Tikal was every bit as magical as I expected. Upon entering the archeological zone, we first came to a giant tree, a Ceiba, with its sinuous, massive roots extending from the main trunk like points on a star. I learned on this trip that Itzamná was also connected with the sacred World Tree (ceiba), which for the Maya linked together the sky, earth, and Xibalba, the Mayan underworld. We all took the opportunity to pose with the enormous tree; you can hardly see us in its wide, splayed roots. And so here I was, discovering some very deep roots indeed! Deep roots to the great medicine man, Itzamna.



As we made our way into the park the first day, a Toucan led us up the last little incline to the Main Plaza where the biggest monuments are clustered. Toucan is the spirit animal associated with Tijax, the energy of healing. Little did I know I was about to be healed in ways had yet to imagine.


Arriving at the main plaza I was startled by two things. First, the swallows. Dancing overhead in big groups, these playful sky dancers had been "with me" since I left McCall, arriving there at the onset of spring, the week before I left for this trip.


I'd first noticed the swallows swarming over my head as I waited at the security gate of the entrance to Kay's home back in Idaho, where I'd just delivered the two mosaic Ponderosa Pine panels. I noticed them again the morning I left McCall to travel to Guatemala. "Joyful bringers of spring" I thought. But sensing a deeper message from the swallows, I researched a bit and discovered a message of flexibility and renewal that resonated with me. Swallow comes to help with understanding the self, finding our core values, and encouraging us to seek out sympathetic friends for happy social occasions. Well, given that I'd arrived here with some of my most "sympathetic" of friends to renew my path of personal discovery, the welcome that the swallows gave me in Tikal was exquisitely perfect!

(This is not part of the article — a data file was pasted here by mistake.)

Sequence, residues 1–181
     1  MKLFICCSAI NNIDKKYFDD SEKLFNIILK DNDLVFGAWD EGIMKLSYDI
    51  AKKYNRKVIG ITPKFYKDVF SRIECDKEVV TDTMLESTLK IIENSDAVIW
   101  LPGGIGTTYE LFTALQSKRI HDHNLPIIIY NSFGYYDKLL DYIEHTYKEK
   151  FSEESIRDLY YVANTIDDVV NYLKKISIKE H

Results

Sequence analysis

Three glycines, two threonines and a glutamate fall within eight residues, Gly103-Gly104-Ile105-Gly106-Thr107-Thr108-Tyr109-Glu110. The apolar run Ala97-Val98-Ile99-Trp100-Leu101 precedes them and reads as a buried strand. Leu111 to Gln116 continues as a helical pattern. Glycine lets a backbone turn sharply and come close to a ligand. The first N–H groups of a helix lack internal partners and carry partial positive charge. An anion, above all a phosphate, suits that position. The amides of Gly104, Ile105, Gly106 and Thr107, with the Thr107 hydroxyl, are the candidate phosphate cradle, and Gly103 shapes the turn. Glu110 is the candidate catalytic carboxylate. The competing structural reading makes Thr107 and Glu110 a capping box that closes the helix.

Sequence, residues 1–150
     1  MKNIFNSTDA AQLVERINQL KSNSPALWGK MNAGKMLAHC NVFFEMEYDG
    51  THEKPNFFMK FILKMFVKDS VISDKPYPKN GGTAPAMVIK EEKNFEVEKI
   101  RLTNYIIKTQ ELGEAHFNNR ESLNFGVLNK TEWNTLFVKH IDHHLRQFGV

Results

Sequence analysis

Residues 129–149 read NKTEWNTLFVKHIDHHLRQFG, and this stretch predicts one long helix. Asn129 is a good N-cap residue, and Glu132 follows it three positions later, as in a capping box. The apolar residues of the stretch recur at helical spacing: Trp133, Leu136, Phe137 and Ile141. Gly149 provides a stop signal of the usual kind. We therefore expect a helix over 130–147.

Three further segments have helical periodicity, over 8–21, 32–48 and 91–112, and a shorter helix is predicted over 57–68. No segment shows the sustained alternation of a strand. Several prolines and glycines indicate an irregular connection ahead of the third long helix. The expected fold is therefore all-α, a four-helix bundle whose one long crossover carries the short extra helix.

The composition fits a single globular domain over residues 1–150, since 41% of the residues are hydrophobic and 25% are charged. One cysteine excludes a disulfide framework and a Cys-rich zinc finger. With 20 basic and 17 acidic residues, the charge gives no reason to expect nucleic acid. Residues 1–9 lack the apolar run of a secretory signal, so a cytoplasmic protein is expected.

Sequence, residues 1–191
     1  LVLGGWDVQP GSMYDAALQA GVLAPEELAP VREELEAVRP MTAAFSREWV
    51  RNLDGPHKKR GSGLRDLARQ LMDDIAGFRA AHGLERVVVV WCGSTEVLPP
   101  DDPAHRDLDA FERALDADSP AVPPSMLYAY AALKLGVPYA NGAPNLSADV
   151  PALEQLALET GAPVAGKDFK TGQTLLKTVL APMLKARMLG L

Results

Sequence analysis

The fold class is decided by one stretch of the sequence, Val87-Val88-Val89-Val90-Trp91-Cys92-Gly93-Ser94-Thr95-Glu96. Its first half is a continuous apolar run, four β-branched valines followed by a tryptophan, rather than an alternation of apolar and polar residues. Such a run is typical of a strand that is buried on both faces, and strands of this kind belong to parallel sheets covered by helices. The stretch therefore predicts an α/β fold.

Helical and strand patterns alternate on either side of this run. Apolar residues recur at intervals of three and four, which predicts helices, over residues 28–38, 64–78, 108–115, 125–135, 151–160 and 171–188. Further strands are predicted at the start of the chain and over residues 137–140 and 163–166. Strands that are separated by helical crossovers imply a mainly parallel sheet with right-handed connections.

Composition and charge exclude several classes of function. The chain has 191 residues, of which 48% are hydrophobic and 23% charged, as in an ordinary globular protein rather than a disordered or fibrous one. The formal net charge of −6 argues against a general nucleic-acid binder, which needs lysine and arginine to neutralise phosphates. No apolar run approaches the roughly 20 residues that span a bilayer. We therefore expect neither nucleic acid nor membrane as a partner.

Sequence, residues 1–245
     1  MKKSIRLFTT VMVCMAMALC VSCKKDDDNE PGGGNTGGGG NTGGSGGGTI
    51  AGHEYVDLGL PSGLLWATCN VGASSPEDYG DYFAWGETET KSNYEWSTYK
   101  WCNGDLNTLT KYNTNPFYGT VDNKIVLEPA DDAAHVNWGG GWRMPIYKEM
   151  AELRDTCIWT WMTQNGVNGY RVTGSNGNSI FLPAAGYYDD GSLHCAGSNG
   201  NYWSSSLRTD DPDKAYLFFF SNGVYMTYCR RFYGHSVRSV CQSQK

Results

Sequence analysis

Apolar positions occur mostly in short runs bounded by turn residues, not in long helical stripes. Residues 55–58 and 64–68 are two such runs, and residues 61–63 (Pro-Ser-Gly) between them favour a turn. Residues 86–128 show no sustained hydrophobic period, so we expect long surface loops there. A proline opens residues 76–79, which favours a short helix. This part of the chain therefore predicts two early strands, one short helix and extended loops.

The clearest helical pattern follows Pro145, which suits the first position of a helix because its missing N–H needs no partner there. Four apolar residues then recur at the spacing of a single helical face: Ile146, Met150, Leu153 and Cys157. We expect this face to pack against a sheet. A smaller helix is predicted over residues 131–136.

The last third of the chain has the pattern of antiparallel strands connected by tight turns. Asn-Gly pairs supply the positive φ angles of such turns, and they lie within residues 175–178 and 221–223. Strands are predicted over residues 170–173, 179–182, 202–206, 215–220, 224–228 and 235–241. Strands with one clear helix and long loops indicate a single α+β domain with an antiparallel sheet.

Second, upon arriving at that ancient civic space, I was overwhelmed by the sudden apparent "arrival" of what felt like a busload of old people on a tour coming up behind me as I gazed at the Temple of the Grand Jaguar and the ancient, sacred space laid out in magnificent architecture before me. The feeling of a tour group approaching me was really the collective presence of my family on the other side of life. My eyes immediately filled with tears, knowing that the "people" behind me were my grandparents and stepparents, who grasped in collective amazement and appreciation, thanking me for bringing them here with me! What an incredibly powerful feeling of gratitude--not only my own, but that of all of my ancestors as well.